Another looming problem is what effect climate change will have on the Island’s natural hydrologic cycles. Regional predictions for the west in general and Southern California in particular are that our current natural cycle of wet years and drought years will change: in particular our droughts will become more frequent and/or longer. So, the periods when we exhaust the aquifers that supply most of our water will become more frequent and longer.
The Conservancy’s long-term strategic plan is titled Imagine Catalina because, in large part, we are only limited by what we can imagine and desire. So, it might be useful to close this article by imagining the kind of water system we would like to have to ensure the long-term ecological health and human livability of Catalina Island. What might such a system look like? Imagine the following:
- A water system adapted to the Island’s natural cycle of rain and drought years that could be operated so that the Island has sufficient reserves to get us through the drought years (that are a natural part of life here) without serious economic disruption or harm to the natural environment.
- A water system that would use the Island’s valuable and limited groundwater resources only for essential human uses and as a backstop for extraordinary droughts or the loss of other sources.
- A diversified water system using all viable sources of water so that we are not reliant on any one source.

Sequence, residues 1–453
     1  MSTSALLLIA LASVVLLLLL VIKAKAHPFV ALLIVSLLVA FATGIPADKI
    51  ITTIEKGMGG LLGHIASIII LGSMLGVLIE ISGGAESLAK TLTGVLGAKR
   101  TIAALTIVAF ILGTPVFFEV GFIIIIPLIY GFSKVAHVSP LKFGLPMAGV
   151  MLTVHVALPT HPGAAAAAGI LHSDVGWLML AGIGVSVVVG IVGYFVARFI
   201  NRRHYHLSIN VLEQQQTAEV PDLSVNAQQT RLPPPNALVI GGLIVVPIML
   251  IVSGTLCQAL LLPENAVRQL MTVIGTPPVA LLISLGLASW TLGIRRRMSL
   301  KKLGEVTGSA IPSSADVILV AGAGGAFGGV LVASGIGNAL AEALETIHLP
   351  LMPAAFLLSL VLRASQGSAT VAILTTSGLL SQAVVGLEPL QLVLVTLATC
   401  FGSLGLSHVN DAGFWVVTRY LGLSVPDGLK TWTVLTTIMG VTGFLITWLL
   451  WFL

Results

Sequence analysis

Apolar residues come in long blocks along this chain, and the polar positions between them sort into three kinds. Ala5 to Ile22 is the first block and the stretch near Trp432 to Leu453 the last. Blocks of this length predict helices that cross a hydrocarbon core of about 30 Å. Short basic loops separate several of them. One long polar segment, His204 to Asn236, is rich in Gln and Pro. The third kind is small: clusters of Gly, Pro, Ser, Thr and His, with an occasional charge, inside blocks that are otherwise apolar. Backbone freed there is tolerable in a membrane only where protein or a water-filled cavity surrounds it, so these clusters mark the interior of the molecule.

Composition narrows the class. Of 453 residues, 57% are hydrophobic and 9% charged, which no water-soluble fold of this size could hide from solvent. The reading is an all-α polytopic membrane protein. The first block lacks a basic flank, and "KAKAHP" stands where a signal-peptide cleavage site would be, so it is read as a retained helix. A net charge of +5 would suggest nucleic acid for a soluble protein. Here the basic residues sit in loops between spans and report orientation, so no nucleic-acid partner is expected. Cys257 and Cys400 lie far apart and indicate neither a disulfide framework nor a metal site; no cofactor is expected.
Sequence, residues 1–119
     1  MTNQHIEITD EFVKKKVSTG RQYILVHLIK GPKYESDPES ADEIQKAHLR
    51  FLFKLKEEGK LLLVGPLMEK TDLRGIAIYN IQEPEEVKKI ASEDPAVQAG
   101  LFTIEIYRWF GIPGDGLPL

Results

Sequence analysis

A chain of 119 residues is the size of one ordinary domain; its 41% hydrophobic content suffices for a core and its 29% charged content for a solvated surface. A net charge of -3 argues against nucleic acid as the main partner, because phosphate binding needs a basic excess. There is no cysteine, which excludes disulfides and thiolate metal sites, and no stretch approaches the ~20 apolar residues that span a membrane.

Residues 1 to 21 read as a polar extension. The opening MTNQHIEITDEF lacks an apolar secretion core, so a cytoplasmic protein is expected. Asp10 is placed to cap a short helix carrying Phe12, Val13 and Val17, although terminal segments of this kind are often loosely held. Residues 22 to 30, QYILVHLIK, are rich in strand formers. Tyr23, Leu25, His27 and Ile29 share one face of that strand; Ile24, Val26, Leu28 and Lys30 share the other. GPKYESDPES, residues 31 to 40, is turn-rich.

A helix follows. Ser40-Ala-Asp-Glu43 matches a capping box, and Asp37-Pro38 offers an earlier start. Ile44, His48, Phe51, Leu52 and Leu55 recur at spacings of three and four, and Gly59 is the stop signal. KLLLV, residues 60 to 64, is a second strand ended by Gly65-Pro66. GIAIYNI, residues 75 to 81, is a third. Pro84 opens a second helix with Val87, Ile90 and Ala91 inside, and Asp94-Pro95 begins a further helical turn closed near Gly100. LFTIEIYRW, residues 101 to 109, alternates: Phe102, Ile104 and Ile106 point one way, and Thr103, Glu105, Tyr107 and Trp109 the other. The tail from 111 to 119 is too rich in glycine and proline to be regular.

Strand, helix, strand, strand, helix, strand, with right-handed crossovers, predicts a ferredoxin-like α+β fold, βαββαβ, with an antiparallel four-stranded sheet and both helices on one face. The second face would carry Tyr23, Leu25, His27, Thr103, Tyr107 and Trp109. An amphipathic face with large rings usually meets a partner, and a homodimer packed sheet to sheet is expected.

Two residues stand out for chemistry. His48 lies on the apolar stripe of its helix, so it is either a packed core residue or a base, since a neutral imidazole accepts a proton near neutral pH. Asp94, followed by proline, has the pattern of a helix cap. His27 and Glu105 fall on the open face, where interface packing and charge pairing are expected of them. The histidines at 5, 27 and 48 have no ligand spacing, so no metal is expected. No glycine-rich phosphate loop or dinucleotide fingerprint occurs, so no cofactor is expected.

- A decentralized water system for the Island’s interior that would only incorporate centralized water delivery and treatment systems where they are absolutely necessary. With existing techniques and technologies, all the camps, yacht club outstations and small interior settlements, such as Middle Ranch, Empire Landing and Airport in the Sky, could be self-reliant because they would have their own water systems. Decentralized household, apartment building and neighborhood-scale technologies could also be deployed in Avalon, especially for all non-potable uses.
Five-part water series from the Catalina Island Conservancy
Part 1: Answers to Common Questions about Catalina's Water Supply
Part 2: Facts about Catalina's Water Supplies
Part 3: The Future of Water on Catalina Island
Part 4: Ways to Increase Catalina’s Water Supply
Part 5: Making a Difference in Catalina's Water Future
By John J. Mack
John J. Mack is the Catalina Island Conservancy’s chief conservation and education officer. For more information about the Conservancy, please visit catalinaconservancy.org. The Catalina Island Conservancy has been an active participant in the Catalina Island Consortium, a group of Island stakeholders that has sought to maintain an affordable and sustainable fresh water supply for the Catalina Island community. The Consortium, working with SCE and CPUC, was recently successful in averting significant water rate increases on the Island.